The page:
Earlier this week, I released a report on which income groups benefit from mortgage-related tax deductions. It has generally been known that higher-income households reap greater tax advantages than lower-income households. Furthermore, studies have found that mortgage deductions do not necessarily increase home ownership. But they are politically popular and not going away anytime soon. Even if one assumes that there are few benefits to them, they are not harmful either, right? It depends.
If buying a home is on a individual or family’s radar screen, they can afford the payments and are not deep in other kinds of debt, it is a no-brainer. Even in a society that is more mobile and transient than ever, establishing roots, ownership and not paying perpetual rent still remains a primary goal, particularly for people who start families. But besides the home being a place to settle, households often include it in their future retirement plans as a source of income – an investment, so to speak. Indeed, according to Investopedia, 47 percent of Americans ages 50 to 70 rely on home equity as a source of retirement income. Presumably, home values increase through the years for a homeowner, who can then take out a reverse mortgage or sell the home and downsize, pocketing some cash in the process.
But the tax deductions associated with home mortgages may skew the investment choices of those who are saving for retirement. Several studies find that home ownership crowds out other investment choices. One study finds that home price risk crowds out stockholdings, particularly for younger and less wealthy households. Another study finds that increases in property values reduce stockholdings among households, while increases in home equity wealth (with no change in property values) increase stockholdings.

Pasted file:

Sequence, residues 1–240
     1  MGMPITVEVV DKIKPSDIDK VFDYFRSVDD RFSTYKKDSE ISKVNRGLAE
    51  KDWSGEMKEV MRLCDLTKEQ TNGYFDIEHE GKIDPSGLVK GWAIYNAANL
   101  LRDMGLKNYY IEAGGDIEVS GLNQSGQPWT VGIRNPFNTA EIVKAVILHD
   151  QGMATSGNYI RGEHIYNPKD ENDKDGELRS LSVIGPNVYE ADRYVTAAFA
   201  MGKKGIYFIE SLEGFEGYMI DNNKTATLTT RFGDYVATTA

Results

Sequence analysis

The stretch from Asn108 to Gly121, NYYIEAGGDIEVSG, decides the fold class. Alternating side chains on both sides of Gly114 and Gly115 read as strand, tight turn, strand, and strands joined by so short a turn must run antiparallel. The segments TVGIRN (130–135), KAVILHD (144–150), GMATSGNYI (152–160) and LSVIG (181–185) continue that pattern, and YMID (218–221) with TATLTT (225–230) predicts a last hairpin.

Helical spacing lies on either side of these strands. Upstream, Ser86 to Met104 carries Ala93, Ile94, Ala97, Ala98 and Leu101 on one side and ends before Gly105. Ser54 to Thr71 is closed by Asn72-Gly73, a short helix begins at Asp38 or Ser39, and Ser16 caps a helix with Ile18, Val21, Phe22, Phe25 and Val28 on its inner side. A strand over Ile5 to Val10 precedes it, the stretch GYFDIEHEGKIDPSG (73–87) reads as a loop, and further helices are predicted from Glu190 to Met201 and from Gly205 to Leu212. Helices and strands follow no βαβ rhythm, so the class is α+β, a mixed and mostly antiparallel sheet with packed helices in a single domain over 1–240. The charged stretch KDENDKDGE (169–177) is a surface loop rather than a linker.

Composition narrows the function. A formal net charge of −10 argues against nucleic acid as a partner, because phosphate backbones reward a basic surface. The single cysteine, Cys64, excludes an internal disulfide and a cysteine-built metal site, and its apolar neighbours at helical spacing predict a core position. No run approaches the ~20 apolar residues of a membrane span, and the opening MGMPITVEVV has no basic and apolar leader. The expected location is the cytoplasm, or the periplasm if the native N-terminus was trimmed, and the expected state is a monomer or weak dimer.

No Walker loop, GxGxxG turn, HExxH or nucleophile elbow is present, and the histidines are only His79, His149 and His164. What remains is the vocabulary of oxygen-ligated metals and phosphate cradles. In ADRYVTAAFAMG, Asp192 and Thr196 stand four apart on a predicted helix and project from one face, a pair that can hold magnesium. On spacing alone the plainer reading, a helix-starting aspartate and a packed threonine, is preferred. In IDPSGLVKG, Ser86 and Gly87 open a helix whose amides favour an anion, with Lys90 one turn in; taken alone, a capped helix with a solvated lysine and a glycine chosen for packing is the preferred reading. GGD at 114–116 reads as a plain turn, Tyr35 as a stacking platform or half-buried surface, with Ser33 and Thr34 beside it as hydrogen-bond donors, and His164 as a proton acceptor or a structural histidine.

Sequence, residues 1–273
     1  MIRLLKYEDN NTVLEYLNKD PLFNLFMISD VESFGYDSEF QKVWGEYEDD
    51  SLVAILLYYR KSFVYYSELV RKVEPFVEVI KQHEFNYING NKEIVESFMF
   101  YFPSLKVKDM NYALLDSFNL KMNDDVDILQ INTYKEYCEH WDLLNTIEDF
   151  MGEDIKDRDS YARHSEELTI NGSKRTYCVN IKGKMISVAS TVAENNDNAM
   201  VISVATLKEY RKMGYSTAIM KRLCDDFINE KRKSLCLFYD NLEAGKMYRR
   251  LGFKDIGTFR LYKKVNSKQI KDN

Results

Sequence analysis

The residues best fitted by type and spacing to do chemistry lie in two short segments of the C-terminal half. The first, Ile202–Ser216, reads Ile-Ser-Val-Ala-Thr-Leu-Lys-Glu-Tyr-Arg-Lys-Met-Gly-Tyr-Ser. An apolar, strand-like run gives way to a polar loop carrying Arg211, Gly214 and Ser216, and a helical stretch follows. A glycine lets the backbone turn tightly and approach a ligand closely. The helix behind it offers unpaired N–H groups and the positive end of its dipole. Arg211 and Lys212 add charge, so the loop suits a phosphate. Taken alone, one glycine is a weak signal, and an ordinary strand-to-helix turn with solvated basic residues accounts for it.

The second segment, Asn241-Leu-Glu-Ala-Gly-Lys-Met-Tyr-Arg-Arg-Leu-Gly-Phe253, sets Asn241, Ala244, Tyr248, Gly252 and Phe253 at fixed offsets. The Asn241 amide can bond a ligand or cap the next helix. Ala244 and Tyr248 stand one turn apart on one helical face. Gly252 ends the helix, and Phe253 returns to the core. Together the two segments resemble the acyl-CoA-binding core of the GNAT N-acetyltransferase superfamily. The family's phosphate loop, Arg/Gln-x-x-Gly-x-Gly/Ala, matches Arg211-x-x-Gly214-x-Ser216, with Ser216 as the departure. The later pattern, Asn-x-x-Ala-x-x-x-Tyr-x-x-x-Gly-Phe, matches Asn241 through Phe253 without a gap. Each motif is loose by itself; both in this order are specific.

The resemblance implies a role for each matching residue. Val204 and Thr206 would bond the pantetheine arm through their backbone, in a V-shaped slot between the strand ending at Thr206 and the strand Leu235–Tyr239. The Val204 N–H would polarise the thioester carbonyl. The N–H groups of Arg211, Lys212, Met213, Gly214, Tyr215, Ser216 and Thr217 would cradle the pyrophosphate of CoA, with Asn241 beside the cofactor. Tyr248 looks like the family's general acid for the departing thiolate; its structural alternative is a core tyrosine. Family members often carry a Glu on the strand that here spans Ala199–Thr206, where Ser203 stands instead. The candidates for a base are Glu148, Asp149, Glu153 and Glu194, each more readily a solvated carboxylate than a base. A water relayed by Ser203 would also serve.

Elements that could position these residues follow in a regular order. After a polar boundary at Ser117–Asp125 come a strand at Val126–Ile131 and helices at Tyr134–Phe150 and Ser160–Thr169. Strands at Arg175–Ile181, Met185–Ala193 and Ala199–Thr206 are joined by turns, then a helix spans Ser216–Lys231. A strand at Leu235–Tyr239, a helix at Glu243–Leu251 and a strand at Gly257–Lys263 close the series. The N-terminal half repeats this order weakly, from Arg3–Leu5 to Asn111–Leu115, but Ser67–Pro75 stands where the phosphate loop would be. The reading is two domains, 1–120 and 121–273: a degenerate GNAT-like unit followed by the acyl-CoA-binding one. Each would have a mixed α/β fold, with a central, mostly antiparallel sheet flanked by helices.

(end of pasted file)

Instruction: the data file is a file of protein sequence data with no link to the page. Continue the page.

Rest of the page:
Policymakers reward the tilt toward home investment through the tax code by offering mortgage deductions. But that’s not all. Thanks to the Taxpayer Relief Act of 1997, homeowners can downsize by selling their primary home, purchasing a cheaper one and pocketing the capital gains tax-free.
Households are putting a lot of eggs into the home equity basket, which poses some risk for retirement security. What happens if there is another housing crash? Perhaps it’s time to rethink the tax advantages of home ownership.